eFit – HCP: Pain Management

Many older adults function well despite persistent pain, and the degree to which pain interferes with function is largely related to the individual’s burden of biopsychosocial comorbidities. (1)

Persistent pain is defined as pain that continues beyond the expected time of healing, or for at least three to six months. Medical, psychological and social comorbidities, as well as environmental factors, may contribute to pain and/or impact treatment response. Pain may contribute to homeostenosis (the progressive and gradual decline in physiological reserve with aging) and amplify frailty. (1)

Older adults may under-report the severity of pain because of misconceptions that pain is a normal part of aging, a tendency toward stoicism or fears of addiction. The coexistence of sensory (vision and/or hearing deficits) and/or cognitive impairment also may make the evaluation of pain more challenging in the older patient.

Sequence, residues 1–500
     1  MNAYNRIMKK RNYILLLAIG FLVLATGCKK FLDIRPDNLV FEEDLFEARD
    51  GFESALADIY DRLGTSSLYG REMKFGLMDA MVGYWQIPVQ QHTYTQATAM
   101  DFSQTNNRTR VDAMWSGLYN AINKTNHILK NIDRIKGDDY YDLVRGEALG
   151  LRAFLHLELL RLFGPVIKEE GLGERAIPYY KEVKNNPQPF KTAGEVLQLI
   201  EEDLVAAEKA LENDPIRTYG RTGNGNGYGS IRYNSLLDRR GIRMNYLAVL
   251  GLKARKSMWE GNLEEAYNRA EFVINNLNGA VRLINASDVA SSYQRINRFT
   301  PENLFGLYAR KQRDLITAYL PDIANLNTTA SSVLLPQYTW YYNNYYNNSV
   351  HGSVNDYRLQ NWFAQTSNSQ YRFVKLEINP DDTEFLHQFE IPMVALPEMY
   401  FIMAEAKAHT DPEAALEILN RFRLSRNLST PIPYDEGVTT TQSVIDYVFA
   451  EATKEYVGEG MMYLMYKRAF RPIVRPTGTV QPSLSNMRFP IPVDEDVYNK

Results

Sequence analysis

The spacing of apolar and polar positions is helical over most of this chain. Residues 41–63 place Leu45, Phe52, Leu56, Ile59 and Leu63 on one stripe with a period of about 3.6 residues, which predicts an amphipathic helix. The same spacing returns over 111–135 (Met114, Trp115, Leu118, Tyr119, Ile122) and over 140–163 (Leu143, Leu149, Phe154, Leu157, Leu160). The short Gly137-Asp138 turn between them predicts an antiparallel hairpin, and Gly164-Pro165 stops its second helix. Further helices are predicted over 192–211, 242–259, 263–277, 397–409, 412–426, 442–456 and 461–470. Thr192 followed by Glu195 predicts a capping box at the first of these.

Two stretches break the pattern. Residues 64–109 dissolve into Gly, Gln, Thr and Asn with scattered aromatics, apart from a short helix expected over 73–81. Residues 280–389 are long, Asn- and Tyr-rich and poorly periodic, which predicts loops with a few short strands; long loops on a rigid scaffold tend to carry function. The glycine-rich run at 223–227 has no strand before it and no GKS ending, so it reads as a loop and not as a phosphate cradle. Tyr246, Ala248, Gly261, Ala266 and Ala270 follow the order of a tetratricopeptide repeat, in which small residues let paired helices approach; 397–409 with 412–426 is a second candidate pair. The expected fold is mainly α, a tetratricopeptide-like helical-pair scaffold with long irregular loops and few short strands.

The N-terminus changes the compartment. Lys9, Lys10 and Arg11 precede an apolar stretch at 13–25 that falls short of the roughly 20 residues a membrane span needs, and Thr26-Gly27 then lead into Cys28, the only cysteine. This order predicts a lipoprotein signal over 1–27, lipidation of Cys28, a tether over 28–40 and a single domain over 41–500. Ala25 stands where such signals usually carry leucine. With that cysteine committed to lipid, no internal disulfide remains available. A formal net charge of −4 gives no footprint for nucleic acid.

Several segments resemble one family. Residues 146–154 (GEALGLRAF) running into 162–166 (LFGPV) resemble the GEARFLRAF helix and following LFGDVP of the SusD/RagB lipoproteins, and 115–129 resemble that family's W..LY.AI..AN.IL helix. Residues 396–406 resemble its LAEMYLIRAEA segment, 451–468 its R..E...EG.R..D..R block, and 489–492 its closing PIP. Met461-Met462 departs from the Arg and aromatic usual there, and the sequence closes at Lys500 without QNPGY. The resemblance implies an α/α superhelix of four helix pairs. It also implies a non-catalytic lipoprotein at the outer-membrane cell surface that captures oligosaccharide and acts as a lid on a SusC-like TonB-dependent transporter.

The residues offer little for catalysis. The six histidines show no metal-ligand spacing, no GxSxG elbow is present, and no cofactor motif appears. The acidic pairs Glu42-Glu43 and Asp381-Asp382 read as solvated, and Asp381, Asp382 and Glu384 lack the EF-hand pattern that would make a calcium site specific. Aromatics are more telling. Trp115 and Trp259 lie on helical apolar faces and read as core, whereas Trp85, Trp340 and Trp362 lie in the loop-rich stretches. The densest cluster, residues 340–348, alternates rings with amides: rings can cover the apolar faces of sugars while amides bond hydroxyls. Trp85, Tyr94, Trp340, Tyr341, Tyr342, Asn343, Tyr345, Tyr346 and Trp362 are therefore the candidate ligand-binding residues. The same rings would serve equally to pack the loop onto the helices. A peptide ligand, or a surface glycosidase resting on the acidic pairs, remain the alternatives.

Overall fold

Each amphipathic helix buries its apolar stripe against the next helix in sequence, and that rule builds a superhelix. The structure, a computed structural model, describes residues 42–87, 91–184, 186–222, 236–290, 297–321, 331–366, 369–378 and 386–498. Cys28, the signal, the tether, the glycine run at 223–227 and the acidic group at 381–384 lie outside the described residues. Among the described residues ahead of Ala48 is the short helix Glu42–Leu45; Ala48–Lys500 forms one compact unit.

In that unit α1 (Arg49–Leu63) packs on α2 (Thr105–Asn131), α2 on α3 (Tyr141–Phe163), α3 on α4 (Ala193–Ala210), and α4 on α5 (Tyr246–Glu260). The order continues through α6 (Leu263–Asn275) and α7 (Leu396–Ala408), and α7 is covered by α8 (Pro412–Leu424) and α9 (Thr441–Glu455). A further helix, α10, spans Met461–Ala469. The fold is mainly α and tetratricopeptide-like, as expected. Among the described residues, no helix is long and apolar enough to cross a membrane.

Faces Pain Scale:
Link (Instructions included)

McGill Pain Questionnaire:
Instructions    eForm    Print Form

Numeric Pain Rating Scale:
Link (Instructions included)

Visual Analogue Pain Scale:
Link (Instructions Included)

Opioid Prescribing for Acute Pain: Care for People 15 Years of Age and Older (Health Quality Ontario):
Quality Standards
Health Quality Ontario Opioid Prescribing for Chronic Pain: Care for People 15 Years of Age and Older (Health Quality Ontario):
Quality Standards

Reading List: Pain in Older Adults

View the CSAH Lesson on Pain Management

View CSAH Courses for HCP: Caring for the Older Adult

This series of courses provides a foundation for understanding, recognizing, assessing and managing health care concerns in the older adult.  Each Lesson includes short narrated modules that focus on these four themes.

View HCP Continuous Learning

We share aging-related courses and archived content offered by other leaders in the field of geriatric care.